Heller recalled that when Marcus informed him he would be receiving the award, he was “thrilled but perplexed.... What have I done that is so deserving?” He thanked his colleagues and noted the books, authors, and artists who have influenced him, including former New York Times children’s books editor Eden Ross Lipson and cartoonist Art Spiegelman, whose Maus Heller credited with helping to “close the gap” between the picture book and comic book art forms. He concluded by giving thanks to those mentors and colleagues who have given him “the opportunity to be a bridge.”

Accepting the Angel Award, given to individuals “whose generous resources are crucial to making picture book art exhibitions, education programs, and related projects a reality,” was Jason Low, publisher and co-owner of Lee & Low Books. Maguire praised Lee & Low for its Diversity Baseline Survey, which measured the diversity of staff within the publishing industry, as well as the publisher’s ongoing work to publish diverse books: “bringing the invisible to light is angelic work indeed,” he said.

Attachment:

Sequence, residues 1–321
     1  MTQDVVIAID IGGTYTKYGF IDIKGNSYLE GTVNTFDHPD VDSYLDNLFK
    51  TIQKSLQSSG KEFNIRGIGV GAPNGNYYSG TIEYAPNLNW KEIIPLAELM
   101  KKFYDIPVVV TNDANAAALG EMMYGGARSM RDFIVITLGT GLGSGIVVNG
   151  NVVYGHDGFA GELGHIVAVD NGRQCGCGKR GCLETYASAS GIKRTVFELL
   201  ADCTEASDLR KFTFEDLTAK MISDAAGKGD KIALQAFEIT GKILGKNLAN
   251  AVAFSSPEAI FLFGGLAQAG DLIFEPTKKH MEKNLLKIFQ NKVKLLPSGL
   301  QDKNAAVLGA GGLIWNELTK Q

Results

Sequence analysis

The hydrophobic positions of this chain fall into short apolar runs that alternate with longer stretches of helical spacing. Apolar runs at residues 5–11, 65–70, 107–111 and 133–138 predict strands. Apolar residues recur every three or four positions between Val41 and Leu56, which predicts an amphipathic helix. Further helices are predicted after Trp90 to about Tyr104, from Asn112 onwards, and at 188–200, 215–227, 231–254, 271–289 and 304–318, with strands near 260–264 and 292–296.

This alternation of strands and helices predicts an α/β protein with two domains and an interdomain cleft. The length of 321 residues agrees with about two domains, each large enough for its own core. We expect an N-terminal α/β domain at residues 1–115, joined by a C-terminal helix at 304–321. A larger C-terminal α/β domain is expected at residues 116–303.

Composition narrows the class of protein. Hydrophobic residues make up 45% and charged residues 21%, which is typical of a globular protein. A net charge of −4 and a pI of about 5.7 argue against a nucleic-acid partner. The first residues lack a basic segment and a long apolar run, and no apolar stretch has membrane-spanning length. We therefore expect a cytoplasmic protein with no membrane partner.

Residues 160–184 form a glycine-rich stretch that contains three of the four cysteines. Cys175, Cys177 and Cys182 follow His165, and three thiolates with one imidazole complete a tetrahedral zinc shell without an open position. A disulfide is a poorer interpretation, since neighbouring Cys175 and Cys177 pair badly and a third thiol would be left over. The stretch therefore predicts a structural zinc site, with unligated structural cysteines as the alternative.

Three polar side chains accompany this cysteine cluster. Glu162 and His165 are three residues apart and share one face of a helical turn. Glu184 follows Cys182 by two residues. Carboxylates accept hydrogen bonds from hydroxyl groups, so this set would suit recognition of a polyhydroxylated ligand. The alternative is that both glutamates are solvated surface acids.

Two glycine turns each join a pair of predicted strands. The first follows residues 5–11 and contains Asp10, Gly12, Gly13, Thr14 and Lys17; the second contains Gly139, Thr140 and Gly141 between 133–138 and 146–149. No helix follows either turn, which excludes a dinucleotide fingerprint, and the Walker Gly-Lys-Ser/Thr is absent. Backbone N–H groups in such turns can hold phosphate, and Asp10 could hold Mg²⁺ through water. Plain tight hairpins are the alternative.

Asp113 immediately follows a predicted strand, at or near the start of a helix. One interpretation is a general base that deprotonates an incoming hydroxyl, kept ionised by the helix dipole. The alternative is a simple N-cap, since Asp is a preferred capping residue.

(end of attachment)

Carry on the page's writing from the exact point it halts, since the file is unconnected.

Low, who wished to include his brother and coworker Craig in his acceptance of the award, spoke about Lee & Low’s mission to “publish books about everyone for everyone” and its commitment to provide children with “inclusive depictions of a world that they will inherit one day.” Going forward, Low said he hopes that diversity will be increasingly understood as an issue of essential “human rights,” rather than as an issue that should be set apart from that category.

Finally, Maguire introduced the award winner for Artist, Allen Say, saying that an artist plays the role of “seer,” and that this gift of vision is particularly evident in Say’s illuminating body of work. Say joked that Nick Clark “persuaded me to accept this award” and that having to make a public appearance “insured the guarantee that he would protect me. I haven’t seen him yet.” Among the colleagues thanked by Say was former children’s publisher Walter Lorraine, whom he described as being “the man most responsible for my being here,” adding that “to him I owe almost everything I know about picture books.”

In closing, Maguire wished the audience well, saying, “May we all fly more closely to being bridges, mentors, angels, and artists ourselves.”